Hans Blix, Robert Kelley, Colin Kahl Oppose Attack on Iran
February 23, 2012 • 9:54AM

About 200 people attended a meeting of the National Iranian American Council (NIAC) on Feb. 21 to hear Hans Blix, Trita Parsi, former UN WMD inspector in Iraq Robert Kelley, and former DoD official for Obama, Colin Kahl. Trita Parsi asked a question about the Nov. 2011 IAEA report and the fact that allegations were contained in it that came from national intelligence services that were not verified by the IAEA.

Kelley elaborated on an article/analysis that he wrote about the IAEA report. On Feb. 21 he said that he could not comment on what the national intelligence services provided, because that information is secret, but the thing that he could comment on was information that former IAEA chief ElBaradei refused to use it, because it was unsubstantiated and maybe forged. Kelley said the recent information used against Iran looked like the 1995 forgeries in Iraq that were used to screw up the inspections regime. He said that the information against Iran was slanted, spun.

Blix said that when the IAEA could get back to inspections in Iraq in 1991, they saw that the Iraqis had cheated them in their disclosures. He pointed out that after the Israelis destroyed the Osirak reactor in 1981, Iraq did not allow inspectors in until they had admitted to having lost the Gulf War I. So, the Israeli strike on Iraq actually permitted them to escalate a secret nuclear weapons program.

Inspectors have information based on inspections, and then intelligence services give information to the IAEA but not evidence. This is dangerous, and he pointed out that when he was heading the Iraq WMD (not nuclear) inspections, he had come very close to telling the UNSC that there was a large supply of anthrax in Iraq, based on intelligence reports he had received. But then he decided against it, because he had never seen the evidence behind the reports. Mohammed ElBaradei was very cautious and refused to use information provided by intelligence services. If we have not seen the real evidence, Blix said, the IAEA should be cautious.

Blix, Kahl, and Kelley all said that the AIPAC/Senate resolution for preventing a nuclear-capable Iran was really a problem. Kahl called it a position OBE, i.e., overtaken by events, which is tantamount to saying that Iran is already nuclear capable, therefore Israel could strike at any time, and the US knows full well that that is their position.

Blix was very clear that there is no such thing as nuclear capable when it comes to having a weapon, because the knowledge to enrich is essentially the ability to become a nuclear weapons power should the decision be made to do so. He said that Japan has lots of plutonium stockpiled, and never built a weapon. North Korea has conducted nuclear explosive tests, but they have not been classified as a nuclear power by the international community. So the term is not useful, and the only condition that Israel will accept is NO ENRICHMENT at all, and that is something that Iran will not agree to.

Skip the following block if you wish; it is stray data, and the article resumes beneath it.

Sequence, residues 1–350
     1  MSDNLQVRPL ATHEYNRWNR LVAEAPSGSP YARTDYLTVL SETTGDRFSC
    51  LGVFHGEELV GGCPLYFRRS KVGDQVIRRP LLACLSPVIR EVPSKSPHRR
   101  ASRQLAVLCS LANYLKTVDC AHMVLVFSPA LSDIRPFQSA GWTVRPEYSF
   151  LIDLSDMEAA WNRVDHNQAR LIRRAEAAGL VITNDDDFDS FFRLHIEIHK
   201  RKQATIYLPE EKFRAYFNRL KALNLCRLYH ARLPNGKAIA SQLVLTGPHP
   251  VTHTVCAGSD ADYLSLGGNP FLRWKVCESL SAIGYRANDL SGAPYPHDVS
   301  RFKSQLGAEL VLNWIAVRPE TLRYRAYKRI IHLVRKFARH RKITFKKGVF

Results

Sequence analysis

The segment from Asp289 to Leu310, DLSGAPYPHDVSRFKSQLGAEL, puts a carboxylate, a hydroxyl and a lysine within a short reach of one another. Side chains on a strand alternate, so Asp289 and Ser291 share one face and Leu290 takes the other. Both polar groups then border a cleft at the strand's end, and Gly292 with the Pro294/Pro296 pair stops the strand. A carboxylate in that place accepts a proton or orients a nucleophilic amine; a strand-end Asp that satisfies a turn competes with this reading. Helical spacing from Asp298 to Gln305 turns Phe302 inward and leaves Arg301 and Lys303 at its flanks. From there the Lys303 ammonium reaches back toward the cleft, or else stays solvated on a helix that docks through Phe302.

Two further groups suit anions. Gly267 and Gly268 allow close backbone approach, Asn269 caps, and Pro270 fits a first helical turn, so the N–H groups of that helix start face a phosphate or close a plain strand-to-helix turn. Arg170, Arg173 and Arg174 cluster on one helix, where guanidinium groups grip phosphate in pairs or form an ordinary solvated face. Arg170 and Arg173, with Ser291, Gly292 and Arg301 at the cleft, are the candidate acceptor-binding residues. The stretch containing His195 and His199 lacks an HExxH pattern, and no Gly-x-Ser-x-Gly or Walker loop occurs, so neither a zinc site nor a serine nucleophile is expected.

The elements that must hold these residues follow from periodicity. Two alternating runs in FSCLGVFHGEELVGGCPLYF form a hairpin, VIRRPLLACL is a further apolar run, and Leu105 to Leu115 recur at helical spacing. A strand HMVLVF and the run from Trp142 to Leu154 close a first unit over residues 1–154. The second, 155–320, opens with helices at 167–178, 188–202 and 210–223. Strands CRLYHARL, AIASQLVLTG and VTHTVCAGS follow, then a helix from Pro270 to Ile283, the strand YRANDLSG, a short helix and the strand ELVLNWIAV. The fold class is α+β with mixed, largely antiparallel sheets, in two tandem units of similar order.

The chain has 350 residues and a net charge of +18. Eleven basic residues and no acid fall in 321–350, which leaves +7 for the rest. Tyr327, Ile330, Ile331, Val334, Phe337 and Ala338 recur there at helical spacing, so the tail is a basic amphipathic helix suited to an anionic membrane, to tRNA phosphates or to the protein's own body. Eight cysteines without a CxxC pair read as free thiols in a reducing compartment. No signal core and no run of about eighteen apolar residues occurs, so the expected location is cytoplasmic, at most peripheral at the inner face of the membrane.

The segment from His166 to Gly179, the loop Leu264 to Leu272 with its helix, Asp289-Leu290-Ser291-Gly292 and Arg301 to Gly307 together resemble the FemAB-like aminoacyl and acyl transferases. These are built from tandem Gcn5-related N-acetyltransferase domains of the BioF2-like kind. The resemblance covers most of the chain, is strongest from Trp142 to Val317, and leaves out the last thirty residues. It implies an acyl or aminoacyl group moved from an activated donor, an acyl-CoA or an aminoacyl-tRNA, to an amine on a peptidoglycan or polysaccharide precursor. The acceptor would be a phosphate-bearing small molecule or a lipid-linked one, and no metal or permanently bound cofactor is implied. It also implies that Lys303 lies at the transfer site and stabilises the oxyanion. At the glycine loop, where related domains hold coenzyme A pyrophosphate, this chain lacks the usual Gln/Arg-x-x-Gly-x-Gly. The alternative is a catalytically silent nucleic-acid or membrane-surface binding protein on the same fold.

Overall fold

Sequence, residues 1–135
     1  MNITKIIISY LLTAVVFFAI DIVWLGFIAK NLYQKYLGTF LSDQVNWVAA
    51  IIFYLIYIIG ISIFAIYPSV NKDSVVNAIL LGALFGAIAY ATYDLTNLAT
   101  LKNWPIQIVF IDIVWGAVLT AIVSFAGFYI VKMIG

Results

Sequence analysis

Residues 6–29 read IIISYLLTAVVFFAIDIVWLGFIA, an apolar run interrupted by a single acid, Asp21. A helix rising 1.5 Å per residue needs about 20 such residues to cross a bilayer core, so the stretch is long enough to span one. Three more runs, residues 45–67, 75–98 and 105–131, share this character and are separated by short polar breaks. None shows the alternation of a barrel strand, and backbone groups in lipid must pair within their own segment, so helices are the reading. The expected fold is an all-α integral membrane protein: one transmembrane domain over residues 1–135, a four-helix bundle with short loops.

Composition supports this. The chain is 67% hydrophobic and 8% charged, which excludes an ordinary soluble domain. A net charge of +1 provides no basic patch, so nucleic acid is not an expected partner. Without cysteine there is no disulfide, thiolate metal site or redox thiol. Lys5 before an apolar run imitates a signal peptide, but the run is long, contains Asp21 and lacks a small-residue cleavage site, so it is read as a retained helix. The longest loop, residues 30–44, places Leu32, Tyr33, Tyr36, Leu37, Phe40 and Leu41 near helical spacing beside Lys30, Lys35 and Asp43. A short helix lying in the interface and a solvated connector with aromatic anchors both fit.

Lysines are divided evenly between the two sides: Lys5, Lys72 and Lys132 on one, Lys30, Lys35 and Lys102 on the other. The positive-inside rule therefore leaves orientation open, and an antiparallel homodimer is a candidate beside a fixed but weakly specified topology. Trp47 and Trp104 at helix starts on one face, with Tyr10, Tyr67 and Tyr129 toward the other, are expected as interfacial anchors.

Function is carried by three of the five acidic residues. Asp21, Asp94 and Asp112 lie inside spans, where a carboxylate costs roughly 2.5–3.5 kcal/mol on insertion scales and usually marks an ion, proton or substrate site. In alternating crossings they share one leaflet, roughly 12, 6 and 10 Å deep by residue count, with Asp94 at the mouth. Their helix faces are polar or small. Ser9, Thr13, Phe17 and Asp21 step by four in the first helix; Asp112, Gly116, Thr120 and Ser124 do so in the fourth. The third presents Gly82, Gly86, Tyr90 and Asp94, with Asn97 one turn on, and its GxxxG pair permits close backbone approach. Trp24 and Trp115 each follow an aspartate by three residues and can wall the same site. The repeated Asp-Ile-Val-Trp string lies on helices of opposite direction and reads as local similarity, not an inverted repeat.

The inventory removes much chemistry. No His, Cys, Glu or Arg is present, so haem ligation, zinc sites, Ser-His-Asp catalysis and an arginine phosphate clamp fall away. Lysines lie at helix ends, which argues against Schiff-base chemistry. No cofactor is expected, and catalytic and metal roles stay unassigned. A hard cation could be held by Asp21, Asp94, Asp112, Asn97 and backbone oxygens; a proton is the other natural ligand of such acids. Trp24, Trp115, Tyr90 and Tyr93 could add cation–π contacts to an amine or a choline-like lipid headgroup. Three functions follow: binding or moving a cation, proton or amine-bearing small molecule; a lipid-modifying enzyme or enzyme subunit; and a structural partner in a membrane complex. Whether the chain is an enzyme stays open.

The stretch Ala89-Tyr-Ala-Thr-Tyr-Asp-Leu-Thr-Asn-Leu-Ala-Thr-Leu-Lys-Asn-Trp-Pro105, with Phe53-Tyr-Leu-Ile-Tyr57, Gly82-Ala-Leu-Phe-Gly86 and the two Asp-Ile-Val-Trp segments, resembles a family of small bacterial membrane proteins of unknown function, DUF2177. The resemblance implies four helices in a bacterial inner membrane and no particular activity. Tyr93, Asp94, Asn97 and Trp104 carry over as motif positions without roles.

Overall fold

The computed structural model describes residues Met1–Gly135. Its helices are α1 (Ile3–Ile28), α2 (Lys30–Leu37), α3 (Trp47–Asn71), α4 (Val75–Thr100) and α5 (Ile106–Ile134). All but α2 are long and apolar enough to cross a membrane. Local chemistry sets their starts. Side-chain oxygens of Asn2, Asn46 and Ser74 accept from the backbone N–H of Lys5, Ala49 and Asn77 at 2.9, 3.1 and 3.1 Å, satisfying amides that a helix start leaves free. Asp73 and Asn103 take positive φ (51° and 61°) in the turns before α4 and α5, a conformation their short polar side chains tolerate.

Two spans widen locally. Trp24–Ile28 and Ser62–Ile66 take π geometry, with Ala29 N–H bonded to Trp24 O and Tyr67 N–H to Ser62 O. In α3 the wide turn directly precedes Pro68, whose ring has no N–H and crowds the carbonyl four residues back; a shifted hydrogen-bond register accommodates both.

Trita Parsi said that the best way to have Iran build a bomb is to bomb Iran. Kahl said that the worst thing for an Iran bomb is to have an ineffective Israeli, strike because that would only have Iran reconstitute its nuclear sites into places that were not vulnerable to attack (e.g., deep in mountains, etc.), and Iran would also then throw out IAEA inspectors; so, the world would be nowhere in even knowing what Iran were doing.

Parsi asked if sanctions could put Iran over the edge in deciding now to build a bomb, which would certainly be the case if there were a bombing.

Blix said that it is clear that if a bombing were to be carried out, it would UNITE Iran behind building nuclear weapons, and would consolidate the leadership that is not inclined to negotiations. But even more, an Israeli attack (or any other one) would not be compatible with the UN charter provision requiring a resolution, nor the other condition of the UN Charter that a country can attack in self-defense against an armed attack; Iran has not attacked Israel or any other country. The Iran statements against Israel cannot be considered a threat of imminent attack, and if anything, the Israeli statements against Iran might be considered closer to a threat of imminent attack.

Blix also mildly attacked Obama. He said, remember, even at his Nobel speech, he said that he would prefer to act on the basis of international rules, but could NOT guarantee that he would restrict himself to international rules for his decisions.

Kahl said the biggest near-term threat of war is an Israeli attack.